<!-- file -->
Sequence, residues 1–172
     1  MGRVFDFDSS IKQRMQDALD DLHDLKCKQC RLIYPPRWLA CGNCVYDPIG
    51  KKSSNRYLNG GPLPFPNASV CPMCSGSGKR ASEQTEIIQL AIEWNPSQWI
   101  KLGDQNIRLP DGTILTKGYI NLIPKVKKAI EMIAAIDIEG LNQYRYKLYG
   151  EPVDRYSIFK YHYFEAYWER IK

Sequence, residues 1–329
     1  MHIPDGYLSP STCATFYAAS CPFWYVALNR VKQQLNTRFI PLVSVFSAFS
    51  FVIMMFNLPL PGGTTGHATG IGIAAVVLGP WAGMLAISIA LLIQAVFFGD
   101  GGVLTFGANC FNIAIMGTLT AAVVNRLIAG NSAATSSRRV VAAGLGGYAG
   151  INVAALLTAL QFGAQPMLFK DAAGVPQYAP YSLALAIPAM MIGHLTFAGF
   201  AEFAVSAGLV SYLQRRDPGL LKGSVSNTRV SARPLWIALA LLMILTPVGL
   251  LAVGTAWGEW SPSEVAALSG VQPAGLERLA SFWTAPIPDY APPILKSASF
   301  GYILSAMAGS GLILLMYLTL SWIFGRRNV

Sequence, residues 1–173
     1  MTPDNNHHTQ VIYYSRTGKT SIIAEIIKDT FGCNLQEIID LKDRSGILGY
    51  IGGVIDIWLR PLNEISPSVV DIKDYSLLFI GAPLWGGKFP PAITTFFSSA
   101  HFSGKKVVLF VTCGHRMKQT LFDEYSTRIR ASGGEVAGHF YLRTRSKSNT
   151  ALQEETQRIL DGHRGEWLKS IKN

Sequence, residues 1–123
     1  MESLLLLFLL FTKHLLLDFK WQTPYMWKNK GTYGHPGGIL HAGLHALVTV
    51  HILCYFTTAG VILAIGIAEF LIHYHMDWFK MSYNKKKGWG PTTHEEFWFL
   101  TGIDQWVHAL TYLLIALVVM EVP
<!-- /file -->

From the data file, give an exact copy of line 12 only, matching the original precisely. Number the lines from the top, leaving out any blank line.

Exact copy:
   251  LAVGTAWGEW SPSEVAALSG VQPAGLERLA SFWTAPIPDY APPILKSASF